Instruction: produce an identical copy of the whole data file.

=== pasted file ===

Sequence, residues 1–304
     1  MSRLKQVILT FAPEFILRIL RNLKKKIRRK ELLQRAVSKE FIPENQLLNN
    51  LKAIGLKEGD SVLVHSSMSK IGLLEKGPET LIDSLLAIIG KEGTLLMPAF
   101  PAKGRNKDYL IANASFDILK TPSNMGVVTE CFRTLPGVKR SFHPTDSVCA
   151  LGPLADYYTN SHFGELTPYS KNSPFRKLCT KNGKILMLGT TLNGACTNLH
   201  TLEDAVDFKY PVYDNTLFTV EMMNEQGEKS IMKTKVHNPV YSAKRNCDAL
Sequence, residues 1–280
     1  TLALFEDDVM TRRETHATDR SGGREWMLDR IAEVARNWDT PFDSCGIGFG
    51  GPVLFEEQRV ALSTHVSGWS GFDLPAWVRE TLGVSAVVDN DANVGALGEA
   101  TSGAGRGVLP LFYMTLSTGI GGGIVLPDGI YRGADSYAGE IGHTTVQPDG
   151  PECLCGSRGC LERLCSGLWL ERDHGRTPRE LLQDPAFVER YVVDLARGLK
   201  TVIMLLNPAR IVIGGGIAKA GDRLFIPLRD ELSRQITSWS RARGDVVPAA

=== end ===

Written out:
Sequence, residues 1–304
     1  MSRLKQVILT FAPEFILRIL RNLKKKIRRK ELLQRAVSKE FIPENQLLNN
    51  LKAIGLKEGD SVLVHSSMSK IGLLEKGPET LIDSLLAIIG KEGTLLMPAF
   101  PAKGRNKDYL IANASFDILK TPSNMGVVTE CFRTLPGVKR SFHPTDSVCA
   151  LGPLADYYTN SHFGELTPYS KNSPFRKLCT KNGKILMLGT TLNGACTNLH
   201  TLEDAVDFKY PVYDNTLFTV EMMNEQGEKS IMKTKVHNPV YSAKRNCDAL
Sequence, residues 1–280
     1  TLALFEDDVM TRRETHATDR SGGREWMLDR IAEVARNWDT PFDSCGIGFG
    51  GPVLFEEQRV ALSTHVSGWS GFDLPAWVRE TLGVSAVVDN DANVGALGEA
   101  TSGAGRGVLP LFYMTLSTGI GGGIVLPDGI YRGADSYAGE IGHTTVQPDG
   151  PECLCGSRGC LERLCSGLWL ERDHGRTPRE LLQDPAFVER YVVDLARGLK
   201  TVIMLLNPAR IVIGGGIAKA GDRLFIPLRD ELSRQITSWS RARGDVVPAA